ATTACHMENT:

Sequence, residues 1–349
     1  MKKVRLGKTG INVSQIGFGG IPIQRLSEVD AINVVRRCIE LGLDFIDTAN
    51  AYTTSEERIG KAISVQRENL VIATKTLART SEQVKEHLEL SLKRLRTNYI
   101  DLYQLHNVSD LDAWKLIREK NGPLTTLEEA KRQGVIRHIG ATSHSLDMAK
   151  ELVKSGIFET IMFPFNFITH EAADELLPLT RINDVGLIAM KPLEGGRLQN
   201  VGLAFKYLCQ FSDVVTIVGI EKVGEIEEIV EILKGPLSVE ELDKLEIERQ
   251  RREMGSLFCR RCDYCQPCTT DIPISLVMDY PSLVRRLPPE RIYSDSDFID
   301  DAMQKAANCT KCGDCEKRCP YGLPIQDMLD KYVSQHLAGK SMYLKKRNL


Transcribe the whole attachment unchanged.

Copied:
Sequence, residues 1–349
     1  MKKVRLGKTG INVSQIGFGG IPIQRLSEVD AINVVRRCIE LGLDFIDTAN
    51  AYTTSEERIG KAISVQRENL VIATKTLART SEQVKEHLEL SLKRLRTNYI
   101  DLYQLHNVSD LDAWKLIREK NGPLTTLEEA KRQGVIRHIG ATSHSLDMAK
   151  ELVKSGIFET IMFPFNFITH EAADELLPLT RINDVGLIAM KPLEGGRLQN
   201  VGLAFKYLCQ FSDVVTIVGI EKVGEIEEIV EILKGPLSVE ELDKLEIERQ
   251  RREMGSLFCR RCDYCQPCTT DIPISLVMDY PSLVRRLPPE RIYSDSDFID
   301  DAMQKAANCT KCGDCEKRCP YGLPIQDMLD KYVSQHLAGK SMYLKKRNL